Deshaun Watson News


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Look at the possibilities of the red zone within the lines of 20, 10 and 5 yards, as well as the percentage of time when they turned the opportunity into a touch.

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How does Deshaun Watson’s advanced 2020 stats compare to other quarterbacks?

This section compares his advanced statistics with players in the same position. The line represents the percentile rank of the player. For example, if the bar is halfway, the player falls into the 50th percentile for that metric and that would be considered average. The longer the bar, the better for the player.

  • Bad plugin%

    Percentage of passes that were considered badly thrown.

  • Pros. Target depth

    The average number of yards the quarterback threw per pass, including incomplete passes.

  • Bag rate

    Percentage of return falls when the quartet is released. The lower the bars, the more often they are fired compared to other QBs.

  • Avg. YAC receiver

    The average number of yards after the catch that the receivers gained on the passes thrown by this quarterback.

  • Receiver drop%

    The percentage of passes that the receivers reduced to the passes thrown by this defender. The longer the bars, the safer its receivers.

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2020 NFL Game Log

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Scoring

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PPR

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2019 NFL Game Log

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2018 NFL Game Log

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2017 NFL Game Log

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Rapid distribution / depth chart

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Overview of measurable products
See the College Player page

How do Deshaun Watson’s measurable values ​​compare to other quarterbacks?

This section compares his draft training metrics with players in the same position. The line represents the percentile rank of the player. For example, if the bar is halfway, the player falls into the 50th percentile for that metric and that would be considered average.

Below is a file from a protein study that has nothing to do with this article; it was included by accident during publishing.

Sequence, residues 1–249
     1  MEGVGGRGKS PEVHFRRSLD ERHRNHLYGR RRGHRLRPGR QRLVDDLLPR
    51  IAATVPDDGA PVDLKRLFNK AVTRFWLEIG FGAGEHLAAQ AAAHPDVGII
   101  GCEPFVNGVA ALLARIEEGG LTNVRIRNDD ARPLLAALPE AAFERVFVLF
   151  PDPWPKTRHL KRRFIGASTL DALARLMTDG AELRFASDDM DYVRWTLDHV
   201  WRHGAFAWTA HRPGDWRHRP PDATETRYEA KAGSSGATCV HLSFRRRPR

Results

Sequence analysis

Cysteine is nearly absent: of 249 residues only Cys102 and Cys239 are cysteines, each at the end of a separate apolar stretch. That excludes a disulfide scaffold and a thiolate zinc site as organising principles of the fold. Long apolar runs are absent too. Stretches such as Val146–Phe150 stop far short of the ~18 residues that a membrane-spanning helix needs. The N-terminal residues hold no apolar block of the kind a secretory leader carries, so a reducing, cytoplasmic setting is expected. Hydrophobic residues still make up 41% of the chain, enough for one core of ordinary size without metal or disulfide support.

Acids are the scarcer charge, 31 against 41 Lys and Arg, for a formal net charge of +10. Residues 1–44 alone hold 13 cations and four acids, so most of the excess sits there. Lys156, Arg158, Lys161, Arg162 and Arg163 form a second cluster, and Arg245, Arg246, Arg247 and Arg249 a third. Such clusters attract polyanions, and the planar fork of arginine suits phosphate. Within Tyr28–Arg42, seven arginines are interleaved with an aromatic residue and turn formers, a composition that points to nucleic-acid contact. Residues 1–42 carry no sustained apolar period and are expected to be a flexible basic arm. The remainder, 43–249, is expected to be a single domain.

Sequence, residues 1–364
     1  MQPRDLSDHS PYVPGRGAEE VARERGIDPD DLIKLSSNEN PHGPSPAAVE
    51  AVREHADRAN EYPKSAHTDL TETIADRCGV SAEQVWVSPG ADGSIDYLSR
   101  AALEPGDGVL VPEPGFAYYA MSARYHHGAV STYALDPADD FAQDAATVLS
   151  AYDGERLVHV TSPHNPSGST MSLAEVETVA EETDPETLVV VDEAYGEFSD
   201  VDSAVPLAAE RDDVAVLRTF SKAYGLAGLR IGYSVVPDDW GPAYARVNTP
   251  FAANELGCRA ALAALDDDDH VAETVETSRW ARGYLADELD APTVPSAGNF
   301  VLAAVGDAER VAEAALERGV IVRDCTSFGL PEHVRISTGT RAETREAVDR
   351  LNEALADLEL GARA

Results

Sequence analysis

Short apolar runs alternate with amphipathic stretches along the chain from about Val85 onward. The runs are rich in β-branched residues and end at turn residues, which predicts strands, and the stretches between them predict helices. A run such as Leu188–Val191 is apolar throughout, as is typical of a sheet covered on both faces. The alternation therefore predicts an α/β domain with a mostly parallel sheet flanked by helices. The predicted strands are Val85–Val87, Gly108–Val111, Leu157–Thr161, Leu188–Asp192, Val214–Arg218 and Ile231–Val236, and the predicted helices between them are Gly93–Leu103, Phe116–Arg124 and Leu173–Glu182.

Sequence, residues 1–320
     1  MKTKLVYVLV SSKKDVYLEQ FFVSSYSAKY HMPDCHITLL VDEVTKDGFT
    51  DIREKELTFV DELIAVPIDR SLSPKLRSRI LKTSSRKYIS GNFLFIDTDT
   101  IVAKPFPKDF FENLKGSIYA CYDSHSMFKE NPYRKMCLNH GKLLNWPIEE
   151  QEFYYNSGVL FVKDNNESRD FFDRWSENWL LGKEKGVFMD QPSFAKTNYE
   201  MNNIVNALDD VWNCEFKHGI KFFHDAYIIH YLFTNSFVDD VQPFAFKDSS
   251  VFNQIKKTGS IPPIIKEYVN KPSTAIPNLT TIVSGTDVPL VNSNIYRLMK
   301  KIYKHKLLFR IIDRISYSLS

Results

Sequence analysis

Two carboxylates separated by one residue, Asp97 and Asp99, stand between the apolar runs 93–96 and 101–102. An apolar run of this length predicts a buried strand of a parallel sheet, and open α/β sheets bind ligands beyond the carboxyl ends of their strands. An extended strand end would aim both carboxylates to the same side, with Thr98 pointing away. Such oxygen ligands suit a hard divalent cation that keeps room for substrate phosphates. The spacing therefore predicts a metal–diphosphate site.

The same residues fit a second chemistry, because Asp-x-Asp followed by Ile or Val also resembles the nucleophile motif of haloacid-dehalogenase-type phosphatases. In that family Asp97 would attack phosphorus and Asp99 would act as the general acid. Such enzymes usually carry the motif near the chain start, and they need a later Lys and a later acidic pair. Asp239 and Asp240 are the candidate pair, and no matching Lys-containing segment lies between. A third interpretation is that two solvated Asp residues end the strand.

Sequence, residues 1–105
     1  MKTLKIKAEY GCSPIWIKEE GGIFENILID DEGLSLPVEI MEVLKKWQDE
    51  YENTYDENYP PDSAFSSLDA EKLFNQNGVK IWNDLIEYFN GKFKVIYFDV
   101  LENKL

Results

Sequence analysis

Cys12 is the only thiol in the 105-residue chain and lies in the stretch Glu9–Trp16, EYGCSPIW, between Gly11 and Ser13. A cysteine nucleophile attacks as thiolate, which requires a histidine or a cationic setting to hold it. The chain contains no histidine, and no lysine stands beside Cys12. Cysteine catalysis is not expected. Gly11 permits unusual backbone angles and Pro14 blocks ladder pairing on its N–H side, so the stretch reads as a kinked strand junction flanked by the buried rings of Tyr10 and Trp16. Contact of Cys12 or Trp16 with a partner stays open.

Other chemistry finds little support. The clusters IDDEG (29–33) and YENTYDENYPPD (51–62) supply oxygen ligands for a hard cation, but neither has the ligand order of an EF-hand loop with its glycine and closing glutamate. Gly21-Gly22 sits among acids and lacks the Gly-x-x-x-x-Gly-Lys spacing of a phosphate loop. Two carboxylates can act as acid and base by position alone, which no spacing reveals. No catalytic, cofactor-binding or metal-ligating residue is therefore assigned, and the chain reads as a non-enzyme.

For the second year in a row, Watson finished in fourth place in the QB fantasy scoring, posting similar numbers as 2018. He leveled his TDs (26) in one game less and might have matched his passing yards if he had played week 17. , YPA and average depth of the target decreased slightly, while its percentage of bad passes remained unchanged. Watson’s bags fell from 62 to 44, even though it was still sixth. Luckily, Watson is great on the run. He tied for the league lead in passes from Touchown out of pocket with eight (Jameis Winston, Kirk Cousins) and was one of five defenders who averaged more than five yards per run (min. 50 attempts). He scored seven accelerated touchdowns, equaling Lamar Jackson for second among QBs behind Josh Allen’s nine. While Watson’s chasing skills give him a solid floor, the ceiling doesn’t seem so high this season after DeAndre Hopkins ’All-Pro wide receiver was traded in Arizona. The Texans have acquired the often shaken Brandin Cooks, who is on his fourth team in six years and coming out of the worst season of his career, as another big threat alongside the often injured Will Fuller and Kenny Stills. They also signed the Randall Cobb slot machine. It’s a decent four (when it’s healthy), but it doesn’t make up for Hopkins’ loss. RB David Johnson arrives at the Hopkins store, which peaked in 2016 and looked washed out last season. And while TE Darren Fells (seven TDs) is back, he is 34 years old. Second year coordinator Tim Kelly will be inviting performances this season, which I hope allows Watson to get rid of coach Bill O’Brien’s game plans, but it would be fun to see what Watson could accomplish with a better setup.